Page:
Welcome to Warzone, the new massive combat arena within Call of Duty®: Modern Warfare®, free for everyone.
Reviewed on: PS4 Pro
Also available for: Xbox One, PC
Developer: Infinity Ward
Call of Duty: Warzone is a Free-To-Play extension of Call of Duty: Modern Warfare, as such we are reviewing it on its own merits.
This is a review in progress and the score presented here may or may not change in our final review.
I played a lot of Call of Duty: Black Ops IIII’s Blackout mode, the first foray into the battle royale genre for the long-running FPS champion. In fact, I played 600 games of Blackout. Disappointingly, I don’t see myself putting anywhere near close to that amount of time into Warzone.
Blackout was obviously inspired by PUBG at the time of development and developer Treyarch managed to craft a well-polished version of the basic battle royale experience that simply looked and played better than the competition at the time. With Warzone, developer Infinity Ward has had the time to create a true Call of Duty experience through-and-through that includes more players, more map, kill streaks galore, perks, load-outs and even a version of 2v2 gun mode from the core Modern Warfare package is in this. If all of that sounds like a lot – it’s because it can be.
Warzone only has one queue-up at the moment and that’s trios, although duos are said to be on the way and then hopefully solos and quads to follow. As of writing in trios there are 150 players split into 50 teams and you drop out of a plane onto a huge map. It can feel like too many players as you begin the game but I believe upping it to 200 would achieve the hectic fast-paced nature Infinity Ward wants from the game and they have the map space to accommodate it as long as the player base is around.
From above a lot of the locations on the sprawling Verdansk map look very similar, especially the town sections in the central area of the map. Each section has a lot to explore however, even if its spray of cement nearly everywhere. Buildings don’t feel or look the same – a problem Blackout did have with a lot of its building. Each building here will contain multiple entries and exits from above and below and usual house several random drops of weapons, items, cash and a crate to open.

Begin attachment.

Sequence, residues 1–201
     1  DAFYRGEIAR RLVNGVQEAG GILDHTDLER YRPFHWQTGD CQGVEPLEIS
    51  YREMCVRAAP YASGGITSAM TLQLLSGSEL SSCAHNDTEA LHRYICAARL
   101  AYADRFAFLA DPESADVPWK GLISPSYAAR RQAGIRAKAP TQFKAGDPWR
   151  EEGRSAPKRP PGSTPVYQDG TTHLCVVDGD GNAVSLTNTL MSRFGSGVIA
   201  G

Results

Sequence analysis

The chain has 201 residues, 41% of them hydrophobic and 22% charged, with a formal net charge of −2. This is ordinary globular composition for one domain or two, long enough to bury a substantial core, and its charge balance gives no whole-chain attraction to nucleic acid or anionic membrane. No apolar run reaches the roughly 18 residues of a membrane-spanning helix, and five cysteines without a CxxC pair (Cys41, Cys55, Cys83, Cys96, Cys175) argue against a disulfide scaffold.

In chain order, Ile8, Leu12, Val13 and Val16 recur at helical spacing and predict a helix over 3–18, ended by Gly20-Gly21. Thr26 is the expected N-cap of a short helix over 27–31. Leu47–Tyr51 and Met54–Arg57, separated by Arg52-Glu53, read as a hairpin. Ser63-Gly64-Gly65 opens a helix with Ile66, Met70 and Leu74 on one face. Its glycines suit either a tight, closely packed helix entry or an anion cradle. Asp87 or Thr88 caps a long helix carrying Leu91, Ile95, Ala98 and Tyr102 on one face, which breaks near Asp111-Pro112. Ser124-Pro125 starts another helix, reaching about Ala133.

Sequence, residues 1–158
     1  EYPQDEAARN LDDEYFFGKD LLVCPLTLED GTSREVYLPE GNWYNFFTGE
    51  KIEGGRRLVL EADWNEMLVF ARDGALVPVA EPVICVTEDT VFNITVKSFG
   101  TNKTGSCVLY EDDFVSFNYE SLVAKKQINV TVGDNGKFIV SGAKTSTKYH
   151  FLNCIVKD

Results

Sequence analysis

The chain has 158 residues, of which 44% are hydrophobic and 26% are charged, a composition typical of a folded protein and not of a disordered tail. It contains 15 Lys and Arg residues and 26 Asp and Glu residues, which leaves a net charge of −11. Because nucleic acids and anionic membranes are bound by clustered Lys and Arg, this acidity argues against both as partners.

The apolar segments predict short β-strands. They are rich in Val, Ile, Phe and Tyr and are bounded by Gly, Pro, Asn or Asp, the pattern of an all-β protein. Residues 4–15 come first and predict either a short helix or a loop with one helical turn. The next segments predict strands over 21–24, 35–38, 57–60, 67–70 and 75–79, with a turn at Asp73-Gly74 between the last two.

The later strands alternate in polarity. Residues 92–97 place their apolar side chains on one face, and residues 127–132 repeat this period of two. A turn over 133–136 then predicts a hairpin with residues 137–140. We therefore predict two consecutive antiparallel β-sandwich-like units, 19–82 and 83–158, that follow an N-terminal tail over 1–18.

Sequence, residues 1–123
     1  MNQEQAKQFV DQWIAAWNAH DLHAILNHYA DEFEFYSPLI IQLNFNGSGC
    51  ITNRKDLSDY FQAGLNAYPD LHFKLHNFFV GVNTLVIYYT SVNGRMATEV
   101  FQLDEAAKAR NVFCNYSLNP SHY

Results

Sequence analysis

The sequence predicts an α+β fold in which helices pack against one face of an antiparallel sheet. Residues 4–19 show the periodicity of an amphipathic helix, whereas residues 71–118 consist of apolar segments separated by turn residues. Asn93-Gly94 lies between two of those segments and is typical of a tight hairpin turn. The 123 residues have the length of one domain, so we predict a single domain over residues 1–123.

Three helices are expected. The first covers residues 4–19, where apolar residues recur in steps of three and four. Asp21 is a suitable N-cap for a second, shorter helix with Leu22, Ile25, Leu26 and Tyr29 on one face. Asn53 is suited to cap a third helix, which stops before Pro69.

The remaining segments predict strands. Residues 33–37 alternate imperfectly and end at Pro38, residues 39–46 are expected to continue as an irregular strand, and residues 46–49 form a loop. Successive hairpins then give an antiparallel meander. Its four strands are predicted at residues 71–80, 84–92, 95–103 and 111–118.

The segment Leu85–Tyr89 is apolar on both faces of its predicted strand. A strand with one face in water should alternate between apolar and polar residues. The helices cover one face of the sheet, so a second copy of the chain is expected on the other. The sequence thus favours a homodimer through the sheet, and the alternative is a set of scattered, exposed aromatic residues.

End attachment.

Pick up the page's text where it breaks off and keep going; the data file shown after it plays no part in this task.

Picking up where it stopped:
The helicopter locations currently seem to be some of the highly contested drop points much like in Blackout which means landing at The Dam is going to usually be a big fight, but you’ll have an escape if you make it through all the bullets.
When landing you’ll be surprised to discover that you’ll always have a pistol by your side along with armour, which means getting into firefights quickly is going to happen more often than looting. There’s nothing special to chase inside building by looting either as your pistol is more than powerful enough to take an enemy down with a few well-placed shots, and there’s no armour stronger than the one you start with. Getting a deployable cover, or a silent running perk quickly isn’t likely to make the biggest difference in the first several minutes of the game, so unlike other battle royale games, just fight an enemy if you see them straight away unless you really need that Dragunov Sniper to hit anything for some reason.
Your armour has three plates that’ll protect you for 50hp each and you can find armour plates in loot-boxes and other locations which you use to repair those slots. That’s a total of 250 health with full HP and armour to protect. When you’re shooting at an enemy you’ll hear a crack and see a blue marker when you pop their last piece of armour and another sound and a white marker when you down them.
Inside loot-boxes — which let off a sort of buzzing noise to give away their location — you’ll also find weapons with different rarities, but you won’t find any weapon attachments. To get weapon attachments and access to your perks and killstreaks attached to the loadouts you’ve had set-up in the core Modern Warfare experience you’ll have to find a buy-station where you can call down a box that’ll let you change to said loadouts. However, of course, calling one in is a huge red flag to any enemies in the area.
Buying access to one of these drops and an assortment of other things including killstreak items like UAV’s means finding money. You’ll find cash sitting on the ground in random locations, inside crates, on dead bodies and by completing objectives around the map — I’ll get to that in a moment.